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Accepted Paper:

Constructing oil refineries in an era of decolonisation: comparing the Mumbai and Aden refineries in the 1950s  
Mattin Biglari (University of Bristol)

Paper short abstract:

This paper offers a comparative account about the construction of oil refineries in two Indian Ocean port cities, Mumbai and Aden, during the early 1950s. It pays attention to the transformation of landscapes and seascapes to highlight localised differences attending the global proliferation of oil.

Paper long abstract:

The 1950s saw a series of new oil refineries built across the world, in line with the exponential increase in global oil consumption during the decade. Usually this story is told through the huge increase in European refining capacity. Less known, however, is the proliferation of oil refineries across the Indian Ocean, which were especially important following the the 1951 nationalisation of the world's largest oil refinery in Abadan in Iran, denying oil companies access to regional markets. Two of these new refineries were in Mumbai (India) and Aden (present-day Yemen), built by Burmah-Shell and BP, respectively. This paper offers a comparative account of the construction of these two refineries to highlight localised differences attending to the global proliferation of oil in this pivotal moment. It pays special attention to landscapes and seascapes, both in the choices of oil companies when selecting sites for new refineries, and in the subsequent environmental transformations attending construction. It will examine these on material and representational levels, making use of corporate documents found at the BP Archive. Finally, it reveals what impact changes in landscapes and seascapes had on local coastal communities and their relationship to surrounding more-than-human environments.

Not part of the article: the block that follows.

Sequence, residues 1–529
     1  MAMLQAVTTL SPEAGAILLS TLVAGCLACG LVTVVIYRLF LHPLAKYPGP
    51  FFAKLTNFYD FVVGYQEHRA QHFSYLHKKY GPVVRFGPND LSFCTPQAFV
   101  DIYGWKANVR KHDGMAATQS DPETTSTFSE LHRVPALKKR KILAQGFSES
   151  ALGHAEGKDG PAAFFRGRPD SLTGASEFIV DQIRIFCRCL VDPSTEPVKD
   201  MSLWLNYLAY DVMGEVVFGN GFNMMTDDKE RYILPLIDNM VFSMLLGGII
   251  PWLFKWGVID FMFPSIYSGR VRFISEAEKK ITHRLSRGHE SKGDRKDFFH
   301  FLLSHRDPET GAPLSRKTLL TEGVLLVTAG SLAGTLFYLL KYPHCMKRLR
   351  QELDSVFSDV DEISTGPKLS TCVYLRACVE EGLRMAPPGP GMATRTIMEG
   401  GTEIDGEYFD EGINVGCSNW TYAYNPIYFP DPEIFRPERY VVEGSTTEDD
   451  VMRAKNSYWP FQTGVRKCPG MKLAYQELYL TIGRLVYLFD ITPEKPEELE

Panel Ene07
The Petroleum Century and the Transformation of Global Landscapes
  Session 1 Thursday 22 August, 2024, -